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  • Context (IE): There had been a renewed focus on identity politics by the main parties during the election campaign.

What is Identity Politics?

  • Identity politics refers to the tendency for individuals who share a specific racial, religious, ethnic, social, or cultural identity to create exclusive political coalitions in order to further their own interests independent of those of a broader political group.
  • Identity politics transcend all bounds of the political imaginary, challenging all ingrained preconceptions as well as the significance of race, caste, class, and sexual preferences.
  • The central idea behind identity politics is that people who share a common identity face similar experiences of discrimination & oppression, and thus need to band together to fight against those forces.

Identity Politics in India

  • In India, the notion of identity politics is rooted in the violent history of Partition and the demand for separate electorates for religious and caste identities.
  • Further, the State is seen as an active contributor to identity politics through the creation and maintenance of state structures that define and recognise people in terms of certain identities.

Drivers of identity politics in India


  • After Independence in India, the political movements for the creation of new states developed on linguistic lines of identity. For e.g., the formation of Andhra state in 1953.
  • As language becomes an important premise on which group identities are organised, it establishes the conditions for defining the ‘in-group’ and ‘out-group’ and a continuous driver for ‘identity’ in India.


  • The origin of confrontational identity politics based on caste is said to have its origin on the issue of providing the oppressed caste groups with state support in the form of protective discrimination.
  • Caste based identity has been further reinforced by the emergence of political consciousness institutionalised by the caste-based political parties that profess to uphold and protect the interests of specific identities, including the castes.
    • For e.g. lower caste dominated Bahujan Samaj Party or Samajwadi Party.
  • It has resulted not only in the empowerment of newly emerging groups but also in increasing the intensity of confrontational politics, possibly leading to a growing crisis of governability.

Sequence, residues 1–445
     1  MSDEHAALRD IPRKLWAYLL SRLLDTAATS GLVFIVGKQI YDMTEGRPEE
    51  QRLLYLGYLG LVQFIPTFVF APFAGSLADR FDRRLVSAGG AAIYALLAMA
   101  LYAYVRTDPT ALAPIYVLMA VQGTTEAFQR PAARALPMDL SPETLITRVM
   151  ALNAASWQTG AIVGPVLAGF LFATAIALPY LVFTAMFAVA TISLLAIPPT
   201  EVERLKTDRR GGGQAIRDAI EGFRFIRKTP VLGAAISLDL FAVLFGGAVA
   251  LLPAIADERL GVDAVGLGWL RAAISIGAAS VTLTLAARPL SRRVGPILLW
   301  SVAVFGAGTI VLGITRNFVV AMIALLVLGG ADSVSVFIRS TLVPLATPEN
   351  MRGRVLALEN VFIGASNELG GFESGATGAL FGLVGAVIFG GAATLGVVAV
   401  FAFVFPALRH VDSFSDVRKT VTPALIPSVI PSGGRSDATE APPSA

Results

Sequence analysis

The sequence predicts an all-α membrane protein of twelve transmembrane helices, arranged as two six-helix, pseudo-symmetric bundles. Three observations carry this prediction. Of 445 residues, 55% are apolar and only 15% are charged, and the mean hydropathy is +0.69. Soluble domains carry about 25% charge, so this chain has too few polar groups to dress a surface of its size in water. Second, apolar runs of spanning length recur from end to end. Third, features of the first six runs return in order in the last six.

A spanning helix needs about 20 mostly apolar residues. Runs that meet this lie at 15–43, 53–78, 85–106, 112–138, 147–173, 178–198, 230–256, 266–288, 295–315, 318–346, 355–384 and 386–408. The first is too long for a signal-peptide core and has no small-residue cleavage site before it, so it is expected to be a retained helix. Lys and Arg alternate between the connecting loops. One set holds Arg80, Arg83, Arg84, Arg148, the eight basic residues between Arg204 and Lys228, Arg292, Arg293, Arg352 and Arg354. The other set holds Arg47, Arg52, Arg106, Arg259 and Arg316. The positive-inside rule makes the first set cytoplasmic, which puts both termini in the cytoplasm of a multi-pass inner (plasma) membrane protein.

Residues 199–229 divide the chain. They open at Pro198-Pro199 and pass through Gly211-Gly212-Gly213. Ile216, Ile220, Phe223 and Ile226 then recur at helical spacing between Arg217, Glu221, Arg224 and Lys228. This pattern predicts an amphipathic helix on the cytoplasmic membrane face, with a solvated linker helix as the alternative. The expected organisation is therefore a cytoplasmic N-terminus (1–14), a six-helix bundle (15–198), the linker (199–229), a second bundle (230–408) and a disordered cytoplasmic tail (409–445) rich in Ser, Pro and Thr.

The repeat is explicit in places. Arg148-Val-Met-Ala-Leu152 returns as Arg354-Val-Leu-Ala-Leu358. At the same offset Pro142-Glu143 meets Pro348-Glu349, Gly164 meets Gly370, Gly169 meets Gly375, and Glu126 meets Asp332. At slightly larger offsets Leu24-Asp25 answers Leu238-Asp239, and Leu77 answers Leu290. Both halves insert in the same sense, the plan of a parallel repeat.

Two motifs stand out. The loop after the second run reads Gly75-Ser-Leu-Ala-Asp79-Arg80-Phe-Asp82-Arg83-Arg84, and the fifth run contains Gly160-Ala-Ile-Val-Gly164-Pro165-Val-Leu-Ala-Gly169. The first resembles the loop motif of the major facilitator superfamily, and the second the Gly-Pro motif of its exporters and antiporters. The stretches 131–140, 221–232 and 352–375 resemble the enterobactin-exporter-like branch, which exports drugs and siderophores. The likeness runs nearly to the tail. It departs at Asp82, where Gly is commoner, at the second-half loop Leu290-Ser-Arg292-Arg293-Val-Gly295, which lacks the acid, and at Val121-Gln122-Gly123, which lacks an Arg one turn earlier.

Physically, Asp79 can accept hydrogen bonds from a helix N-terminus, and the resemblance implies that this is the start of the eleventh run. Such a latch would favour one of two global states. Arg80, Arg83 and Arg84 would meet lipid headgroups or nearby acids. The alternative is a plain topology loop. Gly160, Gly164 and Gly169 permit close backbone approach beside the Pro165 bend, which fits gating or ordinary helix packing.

• India is a multi-religious country with a majority of Hindus (80%), followed by Muslims (14%), Christians (2 %), Sikhs (1.7%), Buddhists (0.7%), Jains (0.37%), and others (0.9%).
  • Indian history is replete with inter-religious conflicts due to the use of religion and its identity for partisan advantage, becoming a major challenge for India’s secular social fabric and democratic polity.


  • Gender in relation to identity politics connotes the struggle of identification for the presence and a demand for being respected and treated equally on par with other genders. For e.g. feminist movements and the gay liberation movements
  • These are intended to fight against the atrocities and towards the removal of certain social evils like child marriage, non-access to education, ill-treatment, etc., and to gain equal remuneration of work, social, economic and political rights as well.

Impact of Identity Politics

On Polity

  • Formation of coalition government based on identity and ideology (UPA, NDA).
  • Rise of dominant political parties. (BJP, Communist Parties etc.).
  • Rise of regional and state parties. (BSP, Shiv Sena etc.).
  • Impacts on neighbouring countries. (Impact of Tamil identity politics on India – Sri Lanka relations.)
  • Led to vote bank politics, where political parties focus mainly on the needs of particular social groups.

On Society


  • Increase in political awareness among marginalised and weaker sections of society.
  • Better representation to socially discriminated classes and minorities through legal measures such as reservation.


  • Sowed the seeds of hatred and enmity among different sections of society based on castes, religion, etc., resulting in clashes & riots disturbing the communal harmony and the secular nature of the nation.
  • Created limited or narrow-minded views of the citizens and political parties, which makes them intolerant towards other communities.
  • Responsible for divisive tendencies and fuelling separatist tendencies (Naga insurgency, Khalistan movement, Coorg demand for a separate state, etc.), posing threat to the unity & integrity of the nation.
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